Messages

Excerpted in part from one of my new favourite sources. ‘helping abused women in shelters 2-101 things to know, say and do’. This is a list of strength-based approaches and categories of strength. A person (woman in our case) may have strengths in several categories at the same time, but not likely strengths in all of them. People can develop strengths over time, from exposure to adversity or ability to reflect on life’s experiences. This author (Elsie J Smith) argues that people live in either strength-building environments or strength limiting environments. Abusive relationships are limiting so shelters and transition houses should be strength building environments.

1. WISDOM-Wisdom is the most widely recognized human strength and is often related to age.

2. EMOTIONAL STRENGTHS-Insight, optimism, perseverance, putting troubles in perspective, finding purpose in life, and having the ability to endure. Hope, faith and love of life are also emotional strengths.

3. CREATIVE STRENGTHS-The ability to appreciate the arts and the ability to express oneself in writing, voice and other art forms, having novel and productive thinking.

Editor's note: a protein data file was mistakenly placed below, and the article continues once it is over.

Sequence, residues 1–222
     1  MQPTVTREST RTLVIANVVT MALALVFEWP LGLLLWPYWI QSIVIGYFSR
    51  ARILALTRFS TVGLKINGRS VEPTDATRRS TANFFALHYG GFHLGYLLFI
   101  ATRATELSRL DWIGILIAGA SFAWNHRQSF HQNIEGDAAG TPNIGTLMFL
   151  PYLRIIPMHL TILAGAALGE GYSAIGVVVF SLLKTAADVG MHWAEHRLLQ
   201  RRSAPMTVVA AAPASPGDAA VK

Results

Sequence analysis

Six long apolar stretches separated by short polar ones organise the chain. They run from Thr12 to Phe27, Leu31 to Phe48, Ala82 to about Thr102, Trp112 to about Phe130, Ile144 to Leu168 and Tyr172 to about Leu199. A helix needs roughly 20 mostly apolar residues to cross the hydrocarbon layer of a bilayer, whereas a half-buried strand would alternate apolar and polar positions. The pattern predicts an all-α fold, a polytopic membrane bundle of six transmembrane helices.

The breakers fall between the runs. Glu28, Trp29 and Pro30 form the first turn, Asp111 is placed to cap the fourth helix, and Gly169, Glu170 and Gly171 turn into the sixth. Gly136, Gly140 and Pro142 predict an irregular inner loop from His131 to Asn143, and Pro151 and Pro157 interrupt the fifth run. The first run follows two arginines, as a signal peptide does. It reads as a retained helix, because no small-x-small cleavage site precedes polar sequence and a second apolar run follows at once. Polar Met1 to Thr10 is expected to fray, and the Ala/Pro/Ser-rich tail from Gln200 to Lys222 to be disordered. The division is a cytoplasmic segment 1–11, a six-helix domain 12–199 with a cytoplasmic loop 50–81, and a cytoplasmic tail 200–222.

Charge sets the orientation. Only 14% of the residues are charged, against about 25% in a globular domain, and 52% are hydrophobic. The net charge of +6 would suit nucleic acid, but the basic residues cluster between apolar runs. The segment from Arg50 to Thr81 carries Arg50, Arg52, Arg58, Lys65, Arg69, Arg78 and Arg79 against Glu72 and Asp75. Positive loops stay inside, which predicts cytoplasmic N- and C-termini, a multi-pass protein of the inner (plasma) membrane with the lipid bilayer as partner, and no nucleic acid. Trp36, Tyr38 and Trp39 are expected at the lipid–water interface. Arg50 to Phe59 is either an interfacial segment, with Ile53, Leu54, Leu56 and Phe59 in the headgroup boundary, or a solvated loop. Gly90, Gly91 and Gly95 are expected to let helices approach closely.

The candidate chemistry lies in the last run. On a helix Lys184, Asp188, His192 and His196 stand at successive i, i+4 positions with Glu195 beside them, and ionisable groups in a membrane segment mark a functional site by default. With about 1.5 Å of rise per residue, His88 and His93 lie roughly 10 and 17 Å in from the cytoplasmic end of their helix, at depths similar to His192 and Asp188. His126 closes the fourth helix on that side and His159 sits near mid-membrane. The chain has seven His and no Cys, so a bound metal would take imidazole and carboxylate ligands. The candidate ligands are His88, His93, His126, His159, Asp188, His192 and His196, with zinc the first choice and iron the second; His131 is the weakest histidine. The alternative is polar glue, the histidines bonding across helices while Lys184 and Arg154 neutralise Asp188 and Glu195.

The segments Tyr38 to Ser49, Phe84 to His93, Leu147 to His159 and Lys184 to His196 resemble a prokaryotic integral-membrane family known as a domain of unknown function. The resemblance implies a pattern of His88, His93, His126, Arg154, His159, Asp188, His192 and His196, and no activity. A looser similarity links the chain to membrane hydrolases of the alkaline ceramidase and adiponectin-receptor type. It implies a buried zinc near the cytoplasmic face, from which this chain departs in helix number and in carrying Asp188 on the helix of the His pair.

4. RELATIONAL AND NURTURING STRENGTHS-The ability to form relationships with others, to be cooperative, the ability to communicate, the capacity to nurture others and to have compassion and tolerance.

5. EDUCATIONAL STRENGTHS- Having academic degrees, level of education attainment or informal educations.

6. ANALYTICAL STRENGTHS-Cognitive strengths, such as problem-solving and decision-making strengths and the ability to think and reason.

7. WORK-RELATED AND PROVIDER STRENGTHS-The ability to secure employment, to provide for a family, and to generate income.

8. SOCIAL SUPPORT-Ability to secure or make good use of social support and community.

9. SURVIVAL SKILLS-The ability to avoid pain and to maintain physical survival in a culture or society. Ability to provide for basic physiological and safety needs.

 10. CHARACTER STRENGTHS-The VIA (Values in Action) Institute of the University of Pennsylvania identified 24 character strengths: creativity, curiosity, open-mindedness, love of learning, perspective, courage, persistence, integrity/honesty, zest, love, kindness/generosity, social intelligence, citizenship, fairness, leadership, forgiveness and mercy, modesty, prudence, self-regulation, appreciation of beauty and excellence, gratitude, optimism, humour and spirituality. Five of them are key: gratitude, optimism, zest/enthusiasm, curiosity and the ability to love and be loved. A person could go onto the internet to find a number of VIA questionnaires to get feedback on their own character strengths.

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